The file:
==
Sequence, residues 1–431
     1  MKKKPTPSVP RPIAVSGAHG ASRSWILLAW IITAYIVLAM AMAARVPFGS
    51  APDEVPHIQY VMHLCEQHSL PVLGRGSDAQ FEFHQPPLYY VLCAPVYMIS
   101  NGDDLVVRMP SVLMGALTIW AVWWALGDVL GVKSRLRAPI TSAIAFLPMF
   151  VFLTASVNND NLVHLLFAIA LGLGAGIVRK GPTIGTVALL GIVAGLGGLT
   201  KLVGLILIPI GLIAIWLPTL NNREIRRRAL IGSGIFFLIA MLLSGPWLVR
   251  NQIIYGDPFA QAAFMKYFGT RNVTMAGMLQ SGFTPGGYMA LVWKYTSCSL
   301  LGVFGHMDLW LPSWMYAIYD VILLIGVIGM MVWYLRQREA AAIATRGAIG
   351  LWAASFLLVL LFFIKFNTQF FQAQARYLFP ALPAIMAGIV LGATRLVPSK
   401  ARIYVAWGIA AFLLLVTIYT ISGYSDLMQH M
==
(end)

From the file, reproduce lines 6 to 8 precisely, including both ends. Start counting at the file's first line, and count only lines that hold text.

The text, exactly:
   201  KLVGLILIPI GLIAIWLPTL NNREIRRRAL IGSGIFFLIA MLLSGPWLVR
   251  NQIIYGDPFA QAAFMKYFGT RNVTMAGMLQ SGFTPGGYMA LVWKYTSCSL
   301  LGVFGHMDLW LPSWMYAIYD VILLIGVIGM MVWYLRQREA AAIATRGAIG